One of the famous peaks in Yosemite is Half Dome. The name will be obvious when you see a photo of it. The hike to the top requires using cables. To avoid a traffic jam, any one hiking to the top requires a permit. The handing out of permits is a lottery: there is no guarantee you’ll receive a permit.
Fortunately, we did. However, after an early start and not much sleep (because of a late arrival to Yosemite from Las Vegas), we were told that Half Dome was shut! There had been too much snow and the cables had not been put up yet.
We waited for the visitor centre to open to see what our options were. After some toing and froing, we learnt that the cables had been erected the night before!
And so the journey began. The hike to Half Dome is about 26km. The height of the granite dome is 2700m. To get to the top from the bottom of the valley would require an ascent of about 1600m. I’m not sure if I’ve ever ascended that height in one day!
There is some incredible scenery on the hike. The waterfall we see was flowing at a phenomenal rate as the snow was melting up in the mountains.
We were advised to bring gardening gloves to hold on to the cables. Because of the early start most of us forgot our gloves at the hotel!
Apparently, if the Dome had been open earlier, there would have been a pile of gloves to choose from. People discard them when they descend the Dome. But this was the first day.
We met some people who had made an early start and were returning from the Dome. Some of these people asked us if we had gloves and gave us theirs if we didn’t have any. I remember the women who gave me her gloves. After she gave me her gloves, she looked intently but benignly at me and cupped both my hands and wished me good luck. This felt strangely reassuring.
Most of the ascent is done before reaching Half Dome. Half Dome itself is only about 300m. There are two parts to the ascent. The first part is quite rocky but fairly easy to hike even though it looks intimidating from a distance. The second part is steeply up the rock between two steel cables, which you use to hold on to and occasionally pull yourself up.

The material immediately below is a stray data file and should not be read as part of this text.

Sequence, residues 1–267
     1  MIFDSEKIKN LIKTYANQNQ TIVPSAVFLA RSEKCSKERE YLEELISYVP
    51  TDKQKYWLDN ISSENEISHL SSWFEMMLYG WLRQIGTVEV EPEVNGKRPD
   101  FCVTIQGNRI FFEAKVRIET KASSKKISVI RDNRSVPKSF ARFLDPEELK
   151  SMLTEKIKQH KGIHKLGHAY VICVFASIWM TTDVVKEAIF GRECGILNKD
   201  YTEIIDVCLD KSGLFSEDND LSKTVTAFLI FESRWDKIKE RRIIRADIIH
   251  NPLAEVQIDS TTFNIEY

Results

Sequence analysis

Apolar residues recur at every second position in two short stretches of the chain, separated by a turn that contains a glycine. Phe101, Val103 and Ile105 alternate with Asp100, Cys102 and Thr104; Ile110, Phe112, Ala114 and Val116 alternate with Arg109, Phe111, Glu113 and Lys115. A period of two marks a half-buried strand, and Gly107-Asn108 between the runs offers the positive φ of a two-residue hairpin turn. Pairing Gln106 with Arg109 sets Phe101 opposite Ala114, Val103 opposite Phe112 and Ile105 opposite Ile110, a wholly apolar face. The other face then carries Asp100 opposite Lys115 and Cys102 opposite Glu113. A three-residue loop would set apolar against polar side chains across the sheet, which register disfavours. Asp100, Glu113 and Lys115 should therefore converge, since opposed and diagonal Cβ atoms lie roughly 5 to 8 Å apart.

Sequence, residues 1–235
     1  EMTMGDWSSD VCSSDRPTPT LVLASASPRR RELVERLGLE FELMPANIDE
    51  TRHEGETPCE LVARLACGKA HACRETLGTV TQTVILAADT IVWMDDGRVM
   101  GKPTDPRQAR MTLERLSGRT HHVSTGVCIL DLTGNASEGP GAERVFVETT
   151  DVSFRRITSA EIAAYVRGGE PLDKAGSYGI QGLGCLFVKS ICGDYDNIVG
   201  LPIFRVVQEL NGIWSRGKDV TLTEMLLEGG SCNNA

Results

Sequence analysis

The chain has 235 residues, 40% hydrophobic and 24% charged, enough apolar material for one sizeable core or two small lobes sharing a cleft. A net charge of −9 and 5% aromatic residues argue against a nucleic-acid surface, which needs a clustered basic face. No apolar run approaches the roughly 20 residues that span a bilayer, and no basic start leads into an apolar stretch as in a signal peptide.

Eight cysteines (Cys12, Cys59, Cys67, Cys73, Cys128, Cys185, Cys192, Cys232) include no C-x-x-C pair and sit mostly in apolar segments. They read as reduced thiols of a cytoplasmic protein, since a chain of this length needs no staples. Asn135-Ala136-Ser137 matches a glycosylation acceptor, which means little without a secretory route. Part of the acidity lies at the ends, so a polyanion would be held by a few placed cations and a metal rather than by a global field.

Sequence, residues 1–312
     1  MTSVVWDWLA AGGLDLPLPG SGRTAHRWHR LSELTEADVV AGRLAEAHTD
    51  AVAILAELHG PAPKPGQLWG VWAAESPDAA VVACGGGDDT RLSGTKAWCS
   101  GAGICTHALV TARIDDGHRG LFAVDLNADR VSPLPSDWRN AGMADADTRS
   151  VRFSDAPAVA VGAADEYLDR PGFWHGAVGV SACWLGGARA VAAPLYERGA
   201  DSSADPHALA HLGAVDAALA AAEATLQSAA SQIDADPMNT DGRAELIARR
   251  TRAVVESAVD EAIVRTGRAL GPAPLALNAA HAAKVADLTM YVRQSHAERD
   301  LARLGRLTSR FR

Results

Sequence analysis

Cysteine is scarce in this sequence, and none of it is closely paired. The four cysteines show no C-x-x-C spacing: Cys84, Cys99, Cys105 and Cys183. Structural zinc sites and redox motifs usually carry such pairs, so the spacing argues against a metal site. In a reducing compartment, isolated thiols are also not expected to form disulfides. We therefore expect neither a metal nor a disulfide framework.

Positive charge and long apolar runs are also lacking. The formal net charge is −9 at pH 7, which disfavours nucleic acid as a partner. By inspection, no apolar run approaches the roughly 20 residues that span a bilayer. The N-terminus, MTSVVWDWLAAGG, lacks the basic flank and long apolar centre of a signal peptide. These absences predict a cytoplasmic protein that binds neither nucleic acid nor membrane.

With occasional stops ascending the valley, we reached the base of the Dome and soon joined the ant-like figures we saw ascending the Dome.
Ascending the rocky part of the Dome gave us confidence when we got to the cables. I didn’t wait around and started going up using the cables, especially because it looked as if it was going to rain (there were some spits of rain). The cables were initially tough until I established a rhythm. I needed to coordinate when to push with my legs and when (occasionally) to pull with my arms. Indoor top rope climbing and bouldering had taught me that your arms get tired very quickly if they’re pulling too much. It’s best to use your legs.
The granite dome had been polished by the hundreds of people who ascend it every day. That made it slippery.
The 120m went on for a long time. Or so it seemed. In reality it was all over in about 20 minutes and that was primarily due to several people in front going slowly.
It was exciting to have finally made it. The views were stunning. We had a clear day. There was still some snow on the peak. We stayed on top for about an hour having lunch and taking photos and videos.
For the descent, I videoed some of it. Listening to it now, I sound calm and relaxed even though it’s steep coming down. I’m not sure what I was taking!
After the descent down the Dome, we had a long hike down the valley. When we did finish, we were all tired. It was one of the toughest hikes I’d done.